• We ask team members to identify racial disparities in their programs and / or portfolios.
  • We analyze disaggregated data and root causes of race disparities that impact the organization's programs, portfolios, and the populations served.
  • We disaggregate data to adjust programming goals to keep pace with changing needs of the communities we support.
  • We employ non-traditional ways of gathering feedback on programs and trainings, which may include interviews, roundtables, and external reviews with/by community stakeholders.
  • We disaggregate data by demographics, including race, in every policy and program measured.
  • We have long-term strategic plans and measurable goals for creating a culture such that one’s race identity has no influence on how they fare within the organization.
Policies and processes
  • We use a vetting process to identify vendors and partners that share our commitment to race equity.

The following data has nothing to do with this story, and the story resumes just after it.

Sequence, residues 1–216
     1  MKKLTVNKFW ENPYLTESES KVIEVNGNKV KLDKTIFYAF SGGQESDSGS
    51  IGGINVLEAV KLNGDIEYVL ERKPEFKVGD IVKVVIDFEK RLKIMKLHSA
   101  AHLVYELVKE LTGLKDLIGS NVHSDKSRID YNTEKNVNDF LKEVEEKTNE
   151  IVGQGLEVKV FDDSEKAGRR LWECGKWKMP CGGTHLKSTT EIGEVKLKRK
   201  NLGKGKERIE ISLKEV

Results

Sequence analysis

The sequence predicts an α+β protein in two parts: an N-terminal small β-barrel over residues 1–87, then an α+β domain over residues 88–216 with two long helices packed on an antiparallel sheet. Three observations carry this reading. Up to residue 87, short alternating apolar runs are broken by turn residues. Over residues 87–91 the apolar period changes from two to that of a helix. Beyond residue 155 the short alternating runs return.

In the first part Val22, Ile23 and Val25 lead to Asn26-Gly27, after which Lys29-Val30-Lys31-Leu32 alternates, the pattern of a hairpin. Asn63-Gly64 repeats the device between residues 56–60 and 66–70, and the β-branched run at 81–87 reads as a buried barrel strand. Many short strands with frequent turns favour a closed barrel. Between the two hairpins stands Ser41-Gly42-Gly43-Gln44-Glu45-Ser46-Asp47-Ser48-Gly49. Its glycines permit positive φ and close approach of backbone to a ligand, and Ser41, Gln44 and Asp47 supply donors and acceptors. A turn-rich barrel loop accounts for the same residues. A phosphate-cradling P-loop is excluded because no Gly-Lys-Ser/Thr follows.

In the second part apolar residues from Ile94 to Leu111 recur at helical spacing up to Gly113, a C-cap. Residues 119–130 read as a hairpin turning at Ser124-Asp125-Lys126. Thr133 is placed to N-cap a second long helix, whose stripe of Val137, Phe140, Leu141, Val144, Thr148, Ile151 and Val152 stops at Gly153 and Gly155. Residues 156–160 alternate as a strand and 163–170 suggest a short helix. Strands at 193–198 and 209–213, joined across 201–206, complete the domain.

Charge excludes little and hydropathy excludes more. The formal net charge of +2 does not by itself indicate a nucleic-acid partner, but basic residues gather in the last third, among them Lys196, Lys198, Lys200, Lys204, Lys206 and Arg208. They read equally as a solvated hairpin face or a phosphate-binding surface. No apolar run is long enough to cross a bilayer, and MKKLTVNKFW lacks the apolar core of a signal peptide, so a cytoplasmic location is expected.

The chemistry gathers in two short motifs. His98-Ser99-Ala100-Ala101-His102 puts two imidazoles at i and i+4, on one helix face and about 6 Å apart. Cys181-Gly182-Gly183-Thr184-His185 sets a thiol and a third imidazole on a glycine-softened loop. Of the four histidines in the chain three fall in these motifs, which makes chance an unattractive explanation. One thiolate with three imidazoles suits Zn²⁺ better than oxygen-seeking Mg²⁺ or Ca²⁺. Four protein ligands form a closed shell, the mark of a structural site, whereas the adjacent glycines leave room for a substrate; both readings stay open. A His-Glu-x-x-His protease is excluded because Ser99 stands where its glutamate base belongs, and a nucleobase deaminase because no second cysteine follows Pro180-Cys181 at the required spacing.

• We have a promotion process that anticipates and mitigates implicit and explicit biases about people of color serving in leadership positions.
  • We seek individuals from various race backgrounds for board and executive director/CEO positions within our organization.
  • We have community representation at the board level, either on the board itself or through a community advisory board.
  • We help senior leadership understand how to be inclusive leaders with learning approaches that emphasize reflection, iteration, and adaptability.
  • We measure and then disaggregate job satisfaction and retention data by race, function, level, and/or team.
  • We engage everyone, from the board to staff levels of the organization, in race equity work and ensure that individuals understand their roles in creating culture such that one’s race identity has no influence on how they fare within the organization.